Yesterday the American Academy of Pediatrics added reading aloud to the standard recommendations aimed toward healthy early childhood development. We too advocate reading as an integral part of vocabulary development and the shaping of communication skills and expression for all babies and toddlers.
If you have not yet incorporated a daily reading routine to the life of your baby or toddler today is a good day to start. Research shows that many parents do not read to their children with sufficient frequency to make an impact and certainly not as much as researchers and educators think is crucial to the development of pre-literacy skills that help children succeed once they get to school.
Stanford researchers identified gaps in language learning as early as 18 months in households where in part due to social and economic limitations the baby/toddler has reduced exposure to reading, talking and singing.
Generally speaking most moms begin signing with baby in a more structured fashion between four to six months of age. However, if you are planning to incorporate a daily reading program from birth you would do well by adding baby sign language to reinforce motor skills, help baby make visual associations and give them a pre-verbal edge by helping them voice their needs, wants and interests even before they are able to form words. While the newborn may not sign immediately he is certainly observing and processing the visual feedback.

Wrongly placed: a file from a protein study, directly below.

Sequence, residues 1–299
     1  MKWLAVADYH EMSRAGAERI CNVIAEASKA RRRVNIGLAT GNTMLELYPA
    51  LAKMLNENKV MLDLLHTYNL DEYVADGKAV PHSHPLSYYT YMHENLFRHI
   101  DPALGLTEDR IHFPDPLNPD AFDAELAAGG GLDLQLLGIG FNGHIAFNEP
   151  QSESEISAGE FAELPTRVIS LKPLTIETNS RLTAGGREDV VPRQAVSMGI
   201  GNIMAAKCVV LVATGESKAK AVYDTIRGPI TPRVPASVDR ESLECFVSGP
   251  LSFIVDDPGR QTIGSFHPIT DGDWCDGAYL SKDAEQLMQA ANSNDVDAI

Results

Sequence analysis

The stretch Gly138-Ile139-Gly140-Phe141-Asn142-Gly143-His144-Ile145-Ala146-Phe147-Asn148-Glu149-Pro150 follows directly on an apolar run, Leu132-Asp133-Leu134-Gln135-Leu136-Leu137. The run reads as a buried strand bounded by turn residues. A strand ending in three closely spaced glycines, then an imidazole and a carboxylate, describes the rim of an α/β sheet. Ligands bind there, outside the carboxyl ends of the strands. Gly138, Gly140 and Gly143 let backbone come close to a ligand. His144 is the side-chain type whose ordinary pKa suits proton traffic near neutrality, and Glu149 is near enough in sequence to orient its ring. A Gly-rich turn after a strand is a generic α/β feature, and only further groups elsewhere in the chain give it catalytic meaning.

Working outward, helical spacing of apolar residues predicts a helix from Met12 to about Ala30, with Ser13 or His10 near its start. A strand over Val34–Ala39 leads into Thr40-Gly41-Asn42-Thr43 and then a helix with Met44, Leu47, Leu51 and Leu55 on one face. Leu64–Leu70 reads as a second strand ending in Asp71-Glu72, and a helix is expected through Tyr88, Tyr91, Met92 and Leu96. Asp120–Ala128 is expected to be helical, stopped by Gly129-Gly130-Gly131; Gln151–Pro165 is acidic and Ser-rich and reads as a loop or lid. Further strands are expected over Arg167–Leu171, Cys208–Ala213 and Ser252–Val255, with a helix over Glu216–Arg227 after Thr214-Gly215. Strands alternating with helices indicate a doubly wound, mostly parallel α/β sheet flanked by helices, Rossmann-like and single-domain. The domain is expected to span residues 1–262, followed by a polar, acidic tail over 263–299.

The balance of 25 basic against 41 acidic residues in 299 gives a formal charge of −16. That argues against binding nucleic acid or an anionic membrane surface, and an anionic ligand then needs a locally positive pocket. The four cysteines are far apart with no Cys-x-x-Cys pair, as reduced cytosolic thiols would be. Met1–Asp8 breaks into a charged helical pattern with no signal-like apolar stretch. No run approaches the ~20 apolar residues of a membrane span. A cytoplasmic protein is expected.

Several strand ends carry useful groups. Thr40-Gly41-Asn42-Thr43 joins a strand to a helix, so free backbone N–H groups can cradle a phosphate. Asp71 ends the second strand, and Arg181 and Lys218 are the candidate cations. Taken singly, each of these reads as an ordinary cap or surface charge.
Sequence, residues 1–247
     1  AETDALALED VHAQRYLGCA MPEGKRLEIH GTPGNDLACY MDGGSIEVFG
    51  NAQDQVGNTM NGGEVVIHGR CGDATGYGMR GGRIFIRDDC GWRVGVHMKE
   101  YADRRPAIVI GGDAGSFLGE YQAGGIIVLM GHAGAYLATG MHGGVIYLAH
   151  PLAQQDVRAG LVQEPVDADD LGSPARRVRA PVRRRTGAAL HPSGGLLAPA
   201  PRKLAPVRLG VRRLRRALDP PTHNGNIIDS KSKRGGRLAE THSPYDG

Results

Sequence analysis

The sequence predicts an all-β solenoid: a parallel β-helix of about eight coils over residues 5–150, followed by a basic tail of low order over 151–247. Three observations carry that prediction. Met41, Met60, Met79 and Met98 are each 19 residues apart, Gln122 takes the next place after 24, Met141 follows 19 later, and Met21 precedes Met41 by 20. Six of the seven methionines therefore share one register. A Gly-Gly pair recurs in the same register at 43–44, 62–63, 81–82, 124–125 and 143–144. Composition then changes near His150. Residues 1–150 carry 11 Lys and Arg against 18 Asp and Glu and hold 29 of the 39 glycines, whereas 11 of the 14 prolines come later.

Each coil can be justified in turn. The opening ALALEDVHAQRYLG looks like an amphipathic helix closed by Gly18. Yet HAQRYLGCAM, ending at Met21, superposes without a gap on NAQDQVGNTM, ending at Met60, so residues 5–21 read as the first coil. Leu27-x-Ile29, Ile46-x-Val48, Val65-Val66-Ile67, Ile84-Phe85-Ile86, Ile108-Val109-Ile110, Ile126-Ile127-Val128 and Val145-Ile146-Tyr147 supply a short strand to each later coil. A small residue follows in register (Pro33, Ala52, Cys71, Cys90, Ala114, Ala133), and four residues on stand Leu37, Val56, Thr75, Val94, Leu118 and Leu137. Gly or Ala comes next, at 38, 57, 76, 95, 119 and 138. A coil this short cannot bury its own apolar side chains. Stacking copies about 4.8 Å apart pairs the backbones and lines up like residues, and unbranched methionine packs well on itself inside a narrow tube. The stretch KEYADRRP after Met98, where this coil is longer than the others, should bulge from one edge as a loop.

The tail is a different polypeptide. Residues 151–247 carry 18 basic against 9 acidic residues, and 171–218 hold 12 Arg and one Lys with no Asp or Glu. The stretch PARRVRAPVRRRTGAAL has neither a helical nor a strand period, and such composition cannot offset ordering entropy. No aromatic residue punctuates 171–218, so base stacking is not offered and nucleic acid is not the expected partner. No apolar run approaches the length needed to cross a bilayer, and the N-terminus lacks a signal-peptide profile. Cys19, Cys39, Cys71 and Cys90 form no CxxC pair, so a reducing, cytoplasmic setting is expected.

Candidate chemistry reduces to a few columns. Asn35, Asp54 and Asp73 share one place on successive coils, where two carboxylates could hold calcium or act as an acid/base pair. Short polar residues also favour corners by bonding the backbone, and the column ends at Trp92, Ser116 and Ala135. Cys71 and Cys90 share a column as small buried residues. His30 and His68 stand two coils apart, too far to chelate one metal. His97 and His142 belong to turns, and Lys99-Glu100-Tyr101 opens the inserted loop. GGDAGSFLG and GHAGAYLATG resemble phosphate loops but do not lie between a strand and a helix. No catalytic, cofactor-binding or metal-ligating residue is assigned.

Begin reading sessions with simple books that introduce baby to rhyme, patterns, objects and concepts that are part of their daily routine. As the baby grows curious expand your reading selection to books that expose baby to concepts such as counting or categories, like animals or colors. While you and baby may have favorites do not remain stagnant. It is not uncommon for parents to memorize two or three books and seldom progress to new material that will challenge baby by exposing him to novel vocabulary and ideas.
We have compiled a list of wonderful books and paired each book with basic signs to help you get started:
If you are expecting this is a great time to begin building a strong library for your baby. Consider keeping a set of baby sign language flashcards handy to combine with reading sessions and help baby make associations between illustrations commonly included in children’s books and real-life graphics available in our flashcard baby sign language kits. You can also print customized sets to match each book from our free digital baby sign language printable flashcard collection.
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